There was a great article that ran on msn.ca today. We’ll discuss it in a moment. Before we do, let’s be reminded that one of the important drivers of any correction is a change in investor psychology. As I’ve said many times, the greatest difference between Canada and the US in terms of our real estate is not our prudent banks or conservative consumers, but rather the fact that we still have confidence in real estate and the broader economy, while they don’t. It’s inevitable that articles like this will become more commonplace as the correction becomes obvious. The associated change in consumer psychology is also fairly predictable.
Our economy is now largely dependent on debt expansion for continued ‘growth’. This is problematic when consumers are carrying record debt levels, while the slow dawning realization of our current economic climate is starting to creep into consumer consciousness. Scared consumers don’t buy. And nothing scares consumers more than the thought of their real estate holding, by far the largest asset most people ‘own’, declining in value. This golden goose of the Canadian economic miracle is sick. Ebola sick. And people are starting to realize it.
“House prices in Canada have officially fallen — and they could fall for some time.”
That’s the first line of the article. How’s that for a bucket of ice water to the face?
“It’s a dangerous time to be in real estate. Home prices have risen to record levels, and mortgage rates and housing inventory are creeping up. After years of marvelling at the surge that just won’t quit, newspapers are changing their tone. Gone is the euphoria of earlier this year when buyers rushed in before the introduction of the harmonized sales tax in B.C. and Ontario. Now unfamiliar phrases such as “cooling market” and “slowing sales” are being dusted off for headlines.”
“Real estate in Canada appears to have reached the tipping point. According to the Canadian Real Estate Association, sales activity was down by a whopping 30 per cent…Insiders are warning that plunge could continue in the months and years to come.“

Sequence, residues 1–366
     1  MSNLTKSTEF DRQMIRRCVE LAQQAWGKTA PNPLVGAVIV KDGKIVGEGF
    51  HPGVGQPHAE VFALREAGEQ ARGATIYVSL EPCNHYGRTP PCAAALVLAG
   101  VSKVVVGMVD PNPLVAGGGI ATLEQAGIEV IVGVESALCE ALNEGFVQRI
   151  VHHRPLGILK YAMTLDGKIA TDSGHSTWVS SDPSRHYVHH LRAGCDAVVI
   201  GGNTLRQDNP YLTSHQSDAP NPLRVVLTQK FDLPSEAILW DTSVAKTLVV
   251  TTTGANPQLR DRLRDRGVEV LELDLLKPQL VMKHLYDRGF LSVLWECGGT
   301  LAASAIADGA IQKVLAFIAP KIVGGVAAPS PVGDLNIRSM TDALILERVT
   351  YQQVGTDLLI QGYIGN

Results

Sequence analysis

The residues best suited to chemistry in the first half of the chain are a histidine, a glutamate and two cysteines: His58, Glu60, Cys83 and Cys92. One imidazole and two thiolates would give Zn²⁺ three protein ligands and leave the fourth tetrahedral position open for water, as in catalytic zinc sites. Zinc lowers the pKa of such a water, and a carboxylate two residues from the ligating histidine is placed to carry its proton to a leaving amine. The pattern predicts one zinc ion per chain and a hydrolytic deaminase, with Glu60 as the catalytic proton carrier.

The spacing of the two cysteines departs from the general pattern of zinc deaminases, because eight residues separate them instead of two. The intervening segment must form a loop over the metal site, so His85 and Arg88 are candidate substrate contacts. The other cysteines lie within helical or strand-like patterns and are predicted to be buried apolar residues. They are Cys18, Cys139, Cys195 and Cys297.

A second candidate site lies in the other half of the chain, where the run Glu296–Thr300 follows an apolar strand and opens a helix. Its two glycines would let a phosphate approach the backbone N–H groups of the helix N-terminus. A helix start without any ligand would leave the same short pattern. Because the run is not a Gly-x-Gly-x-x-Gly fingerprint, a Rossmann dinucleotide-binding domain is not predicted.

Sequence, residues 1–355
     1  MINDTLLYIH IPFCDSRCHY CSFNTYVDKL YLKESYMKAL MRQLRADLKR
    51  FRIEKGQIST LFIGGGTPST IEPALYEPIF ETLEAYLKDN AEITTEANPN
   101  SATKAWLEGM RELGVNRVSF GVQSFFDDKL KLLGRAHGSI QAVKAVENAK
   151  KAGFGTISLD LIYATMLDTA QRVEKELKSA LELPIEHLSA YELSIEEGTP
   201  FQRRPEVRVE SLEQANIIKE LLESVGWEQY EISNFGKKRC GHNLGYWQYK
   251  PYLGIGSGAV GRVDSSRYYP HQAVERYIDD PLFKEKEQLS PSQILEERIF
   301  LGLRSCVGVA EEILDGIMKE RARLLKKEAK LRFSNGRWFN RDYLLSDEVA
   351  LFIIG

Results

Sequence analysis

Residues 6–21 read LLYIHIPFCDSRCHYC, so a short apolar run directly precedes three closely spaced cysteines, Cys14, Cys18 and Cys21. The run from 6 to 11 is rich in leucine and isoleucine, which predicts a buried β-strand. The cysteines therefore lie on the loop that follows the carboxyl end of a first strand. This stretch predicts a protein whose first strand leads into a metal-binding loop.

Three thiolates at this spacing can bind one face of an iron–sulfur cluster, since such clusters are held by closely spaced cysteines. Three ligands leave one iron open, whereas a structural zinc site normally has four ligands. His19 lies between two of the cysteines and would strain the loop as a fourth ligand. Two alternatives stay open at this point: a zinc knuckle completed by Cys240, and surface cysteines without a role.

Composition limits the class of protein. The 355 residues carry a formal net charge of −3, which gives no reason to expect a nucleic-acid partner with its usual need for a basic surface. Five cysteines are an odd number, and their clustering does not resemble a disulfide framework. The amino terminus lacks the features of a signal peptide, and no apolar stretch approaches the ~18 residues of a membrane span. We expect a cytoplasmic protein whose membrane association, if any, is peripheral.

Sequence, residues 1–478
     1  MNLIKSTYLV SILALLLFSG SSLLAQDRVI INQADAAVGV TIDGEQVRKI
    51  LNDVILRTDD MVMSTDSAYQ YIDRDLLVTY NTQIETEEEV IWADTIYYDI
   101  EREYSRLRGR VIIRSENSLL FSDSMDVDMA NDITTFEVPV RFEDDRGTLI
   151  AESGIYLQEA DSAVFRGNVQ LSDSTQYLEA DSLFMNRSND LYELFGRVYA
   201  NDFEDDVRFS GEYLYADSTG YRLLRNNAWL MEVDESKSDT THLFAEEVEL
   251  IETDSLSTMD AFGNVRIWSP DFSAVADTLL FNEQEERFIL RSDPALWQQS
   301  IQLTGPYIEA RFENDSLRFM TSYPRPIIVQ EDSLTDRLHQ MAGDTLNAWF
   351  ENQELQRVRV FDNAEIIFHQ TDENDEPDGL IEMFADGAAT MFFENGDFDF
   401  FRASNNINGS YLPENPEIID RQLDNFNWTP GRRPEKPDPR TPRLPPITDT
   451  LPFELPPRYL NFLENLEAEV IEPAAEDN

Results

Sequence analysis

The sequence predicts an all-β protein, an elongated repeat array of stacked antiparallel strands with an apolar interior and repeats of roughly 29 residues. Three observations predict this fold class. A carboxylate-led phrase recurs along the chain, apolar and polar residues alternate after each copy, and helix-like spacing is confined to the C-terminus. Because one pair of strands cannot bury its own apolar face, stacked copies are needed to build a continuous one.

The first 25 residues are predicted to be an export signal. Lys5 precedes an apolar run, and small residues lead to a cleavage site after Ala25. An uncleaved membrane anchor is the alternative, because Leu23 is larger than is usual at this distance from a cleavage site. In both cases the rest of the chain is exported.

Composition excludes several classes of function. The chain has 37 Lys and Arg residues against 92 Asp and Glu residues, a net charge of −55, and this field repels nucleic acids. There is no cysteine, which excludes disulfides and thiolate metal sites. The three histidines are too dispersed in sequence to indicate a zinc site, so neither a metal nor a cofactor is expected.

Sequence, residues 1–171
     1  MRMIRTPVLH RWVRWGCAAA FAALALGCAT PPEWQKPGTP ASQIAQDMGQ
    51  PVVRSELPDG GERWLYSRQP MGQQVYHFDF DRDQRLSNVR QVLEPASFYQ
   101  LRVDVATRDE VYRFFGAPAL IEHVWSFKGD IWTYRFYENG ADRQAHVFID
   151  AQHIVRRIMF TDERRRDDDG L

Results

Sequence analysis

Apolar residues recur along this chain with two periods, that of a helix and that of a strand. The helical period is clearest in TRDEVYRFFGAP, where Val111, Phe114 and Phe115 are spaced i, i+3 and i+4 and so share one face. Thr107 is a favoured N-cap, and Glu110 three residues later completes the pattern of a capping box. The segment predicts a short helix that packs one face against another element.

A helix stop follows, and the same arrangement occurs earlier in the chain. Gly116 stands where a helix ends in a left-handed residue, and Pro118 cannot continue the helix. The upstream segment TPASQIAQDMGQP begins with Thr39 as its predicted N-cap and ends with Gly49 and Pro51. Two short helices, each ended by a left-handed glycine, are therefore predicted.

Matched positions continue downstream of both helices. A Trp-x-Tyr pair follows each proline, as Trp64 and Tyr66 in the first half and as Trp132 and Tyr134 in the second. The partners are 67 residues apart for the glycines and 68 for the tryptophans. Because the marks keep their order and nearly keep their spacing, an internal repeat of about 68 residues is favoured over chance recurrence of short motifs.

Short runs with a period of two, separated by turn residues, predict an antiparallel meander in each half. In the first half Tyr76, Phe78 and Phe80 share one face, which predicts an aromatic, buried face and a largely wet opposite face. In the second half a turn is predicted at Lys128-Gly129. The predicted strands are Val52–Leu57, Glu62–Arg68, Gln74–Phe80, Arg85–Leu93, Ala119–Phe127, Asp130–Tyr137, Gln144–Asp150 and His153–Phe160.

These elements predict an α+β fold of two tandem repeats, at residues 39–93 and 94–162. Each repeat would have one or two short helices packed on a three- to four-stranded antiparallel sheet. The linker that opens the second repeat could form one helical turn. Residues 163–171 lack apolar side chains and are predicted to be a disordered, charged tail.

I’ve never considered myself an ‘insider’, but hey, thanks for the props!
“Historically, one of the greatest allures of home ownership was that it represented a great way to build wealth. If you bought a house and hung on to it for 15 years, you could sell it for a huge profit. But now, in many parts of the world, instead of making money on their homes, people are losing a bundle.”
This is an important point and should not be glossed over. Virtually the entire Western world just experienced a bursting debt bubble back in 2008 and 2009. The dam has been temporarily fixed by the largest peacetime deficit spending in history, but that’s not a permanent solution. The bottom line is that virtually the entire Western world has been enjoying an artificially high standard of living made possible by rampant debt accumulation at all levels of society. That now has to be repaid. This exerts deflationary pressures on leveraged assets, particularly real estate.
What people miss in the whole “we’re more prudent that Americans” tag line is that this is not solely an American phenomenon. It’s a symptom of an international credit system that is now on life support. Canada is not different. We just don’t realize it yet, which has enabled the charade to continue for a bit longer.
“Remain a renter for now. The best thing you can do if you are considering buying a home right now is wait.”
This is possibly the best line from the entire article. That advice has to be like fingernails on a chalkboard to realtors. I’ve said many times that the great contrarian indicator that will indicate that a bottom in house prices is near will be when statements like this become generally accepted as wisdom. Right now 90% of our population believes that real estate is a great investment. When that pendulum swings, and people began to reject this assertion as a collective, a bottom is near. In the US, over half the population looks at real estate as a wealth trap. What a difference! The idea of using overwhelming majorities as a contrarian indicator is discussed in one of the primers.
From the article- Advice to sellers: “Lower your price. Now is not the time to test the waters with a high price. It’s a competitive market and home values are falling. If you must sell, and you live in one of the cities where prices are softening, don’t waste precious time by listing your home at a price that’s so high it won’t be supported.”
Ah yes, the beggar-thy-neighbour approach. If you have to sell, don’t screw around! Get it sold! Price it aggressively, as in below what your neighbour is selling it for. I love it.
Apparently some people are following the advice:
I expect to see more of these types of articles as well as more of these types of ads in the coming months and years ahead. We’re in for a multi-year decline for all the reasons outlined ad nauseam on this blog. Keep an eye out for articles like this. Also keep an ear out for anecdotal evidence of shifting attitudes. They are one of the great indicators of what is to come.